Students and Seniors Connect Across the Digital Divide
March 03, 2013 | by Jan Frizén
Intergenerational programming is turned to practical purposes by the eSeniors program, which brings tech-savvy high school students together with curious seniors.
According to the Pew Internet & American Life Project, as of last year, 53% of American adults age 65 and older were using the internet or email. Though these numbers are significant, rapid changes, increasing physical limitations, the complexities of devices, confusing manuals and seemingly endless upgrades can still add up to huge hurdles for some older adults.
For those living in retirement communities, the problem can be exacerbated by a lack of technology training programs available to residents. But Covenant Village
, Plantation, FL, has been leading the way to calm some of those fears with eSeniors, a volunteer partnership program between the community and students from Ft. Lauderdale’s St. Thomas Aquinas High School
Each Saturday, student volunteers provide one-on-one instruction to residents in all aspects of computer use, ranging from email, Skype, Facebook, Word, Excel and photo sharing to Google Earth and Web surfing. Volunteers also regularly provide technical support, installing software and hardware, setting up Internet connections, and even helping their senior students make online purchases and travel reservations. Services have recently expanded to assisting with smartphones, televisions and digital cameras.
The program was born from an interesting coincidence, according to Covenant resident Marjorie Vannais, who serves as liaison between residents and student volunteers. In late 2008, Covenant facilitated a resident “think tank” to develop new programs and activities. The top request was to become more competent with computers and other emerging technologies in order to stay in touch with family and friends.
Around the same time, Alberto Mestre, then a freshman at St. Thomas Aquinas, reached out to Vannais while investigating partnership opportunities for a new community service project he was spearheading. Mestre’s pitch was simple and seemed like a win-win: Students could earn community service credits for graduation by helping people like their own grandparents get “connected.” Since its official launch in August 2009, eSeniors has opened the world of technology to a number of residents, and as the inaugural class of instructors prepares for graduation, a new group of freshmen is being trained as their replacements for the 2013-14 school year.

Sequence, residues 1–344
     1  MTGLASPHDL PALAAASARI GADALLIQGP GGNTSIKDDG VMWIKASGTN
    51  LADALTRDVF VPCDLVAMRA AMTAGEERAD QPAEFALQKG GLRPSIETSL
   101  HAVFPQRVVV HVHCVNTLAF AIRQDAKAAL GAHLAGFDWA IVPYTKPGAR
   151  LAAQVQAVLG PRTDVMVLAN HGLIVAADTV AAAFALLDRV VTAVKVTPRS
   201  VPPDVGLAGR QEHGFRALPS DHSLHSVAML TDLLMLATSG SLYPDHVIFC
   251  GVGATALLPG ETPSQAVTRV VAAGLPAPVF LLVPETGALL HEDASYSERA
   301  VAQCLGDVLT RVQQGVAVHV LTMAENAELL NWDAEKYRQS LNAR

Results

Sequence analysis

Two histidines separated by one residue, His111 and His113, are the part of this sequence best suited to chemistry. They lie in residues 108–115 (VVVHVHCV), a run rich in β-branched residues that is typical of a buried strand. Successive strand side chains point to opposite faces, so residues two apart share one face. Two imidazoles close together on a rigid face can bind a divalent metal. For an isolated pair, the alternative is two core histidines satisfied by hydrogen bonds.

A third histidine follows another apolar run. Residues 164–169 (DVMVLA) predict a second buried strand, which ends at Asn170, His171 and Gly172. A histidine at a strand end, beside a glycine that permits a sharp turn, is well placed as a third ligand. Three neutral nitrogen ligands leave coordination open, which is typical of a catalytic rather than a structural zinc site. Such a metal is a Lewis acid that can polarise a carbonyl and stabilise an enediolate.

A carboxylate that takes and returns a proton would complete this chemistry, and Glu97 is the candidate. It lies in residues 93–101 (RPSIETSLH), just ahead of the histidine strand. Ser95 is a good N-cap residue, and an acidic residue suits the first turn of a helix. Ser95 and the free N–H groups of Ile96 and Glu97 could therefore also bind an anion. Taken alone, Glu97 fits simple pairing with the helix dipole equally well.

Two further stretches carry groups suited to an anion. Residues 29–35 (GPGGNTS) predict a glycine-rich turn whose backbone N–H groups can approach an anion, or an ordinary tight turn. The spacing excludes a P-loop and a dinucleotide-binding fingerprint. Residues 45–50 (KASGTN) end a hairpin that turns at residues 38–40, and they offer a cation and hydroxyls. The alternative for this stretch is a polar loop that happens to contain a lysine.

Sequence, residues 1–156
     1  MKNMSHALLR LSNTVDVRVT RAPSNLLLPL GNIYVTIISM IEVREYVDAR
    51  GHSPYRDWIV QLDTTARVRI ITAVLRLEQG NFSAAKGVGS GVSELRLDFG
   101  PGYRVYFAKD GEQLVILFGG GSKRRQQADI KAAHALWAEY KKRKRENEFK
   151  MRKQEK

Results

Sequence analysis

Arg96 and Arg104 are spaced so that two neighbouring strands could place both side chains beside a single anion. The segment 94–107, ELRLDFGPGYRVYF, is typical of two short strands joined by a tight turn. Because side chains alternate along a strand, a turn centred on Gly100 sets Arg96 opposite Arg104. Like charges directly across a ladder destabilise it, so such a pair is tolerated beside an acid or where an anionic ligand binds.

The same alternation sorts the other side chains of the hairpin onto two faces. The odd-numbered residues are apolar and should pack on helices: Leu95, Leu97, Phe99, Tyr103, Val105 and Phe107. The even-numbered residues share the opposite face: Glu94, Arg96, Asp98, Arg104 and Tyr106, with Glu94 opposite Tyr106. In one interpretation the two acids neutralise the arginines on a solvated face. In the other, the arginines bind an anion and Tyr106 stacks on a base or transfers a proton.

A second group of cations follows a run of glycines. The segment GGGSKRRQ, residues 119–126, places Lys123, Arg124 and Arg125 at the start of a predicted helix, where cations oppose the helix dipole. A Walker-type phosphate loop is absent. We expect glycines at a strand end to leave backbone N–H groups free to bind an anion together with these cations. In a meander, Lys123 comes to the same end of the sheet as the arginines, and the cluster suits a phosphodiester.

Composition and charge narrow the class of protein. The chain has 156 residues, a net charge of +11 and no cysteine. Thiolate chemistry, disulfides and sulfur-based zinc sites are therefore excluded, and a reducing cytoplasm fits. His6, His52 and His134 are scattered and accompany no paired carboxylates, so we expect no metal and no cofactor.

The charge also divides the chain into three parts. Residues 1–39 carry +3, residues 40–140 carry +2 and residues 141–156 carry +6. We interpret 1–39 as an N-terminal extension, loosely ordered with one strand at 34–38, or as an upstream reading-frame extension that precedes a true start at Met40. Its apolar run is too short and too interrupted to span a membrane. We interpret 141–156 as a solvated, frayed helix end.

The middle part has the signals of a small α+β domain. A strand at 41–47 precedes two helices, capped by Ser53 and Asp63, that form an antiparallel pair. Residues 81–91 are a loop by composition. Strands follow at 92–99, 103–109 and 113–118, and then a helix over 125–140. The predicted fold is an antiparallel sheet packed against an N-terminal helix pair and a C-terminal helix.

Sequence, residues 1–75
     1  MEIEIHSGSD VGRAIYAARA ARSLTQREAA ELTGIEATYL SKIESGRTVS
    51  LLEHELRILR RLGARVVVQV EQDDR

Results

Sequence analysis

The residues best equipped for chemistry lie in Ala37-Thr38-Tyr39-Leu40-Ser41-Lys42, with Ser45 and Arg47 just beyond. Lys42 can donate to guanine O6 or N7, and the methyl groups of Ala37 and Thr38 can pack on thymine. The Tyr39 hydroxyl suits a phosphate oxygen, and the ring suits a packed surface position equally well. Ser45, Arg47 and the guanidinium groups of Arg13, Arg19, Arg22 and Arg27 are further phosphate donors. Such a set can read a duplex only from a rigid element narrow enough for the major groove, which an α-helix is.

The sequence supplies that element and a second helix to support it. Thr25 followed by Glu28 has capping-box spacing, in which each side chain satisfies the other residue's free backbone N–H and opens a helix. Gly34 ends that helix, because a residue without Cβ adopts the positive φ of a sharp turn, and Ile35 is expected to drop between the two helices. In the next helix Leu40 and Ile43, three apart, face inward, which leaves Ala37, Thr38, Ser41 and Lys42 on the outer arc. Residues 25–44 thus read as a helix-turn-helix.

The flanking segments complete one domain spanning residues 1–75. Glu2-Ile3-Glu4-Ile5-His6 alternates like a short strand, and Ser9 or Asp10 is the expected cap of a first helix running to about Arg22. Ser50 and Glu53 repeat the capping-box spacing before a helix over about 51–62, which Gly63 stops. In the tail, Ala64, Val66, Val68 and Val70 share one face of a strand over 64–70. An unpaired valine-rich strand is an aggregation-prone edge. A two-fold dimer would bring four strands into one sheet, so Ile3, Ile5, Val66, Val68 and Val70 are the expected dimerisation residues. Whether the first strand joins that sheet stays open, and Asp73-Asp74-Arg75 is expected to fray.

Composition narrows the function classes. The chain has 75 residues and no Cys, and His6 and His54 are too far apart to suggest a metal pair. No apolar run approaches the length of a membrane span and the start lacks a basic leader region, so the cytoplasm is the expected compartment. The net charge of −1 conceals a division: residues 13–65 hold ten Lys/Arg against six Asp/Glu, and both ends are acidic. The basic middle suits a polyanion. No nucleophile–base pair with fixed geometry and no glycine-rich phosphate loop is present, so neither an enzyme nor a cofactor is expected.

On YouTube there is a great 2010 video outlining the origins of the program:
In addition to a love of computers, Mestre developed a desire to help seniors during school service days at retirement communities and skilled nursing communities while still in middle school.
“I was impressed by their welcoming spirit,” Mestre says. “They genuinely enjoyed the companionship of the students.” He also noticed that computers were available but were not being used. “It seemed that, with some instruction and motivation,” he adds, “the lives of those people could really improve and they’d eliminate some of the feelings of isolation that can occur.”
When approaching potential partner communities, Mestre discovered that the demand for friendly, patient and free computer assistance was not only needed but readily welcomed. “Some people were hesitant at first,” he says, “but they soon realized they were missing out and signed on to eSeniors.” (Another group of students work with residents at another Plantation retirement community.)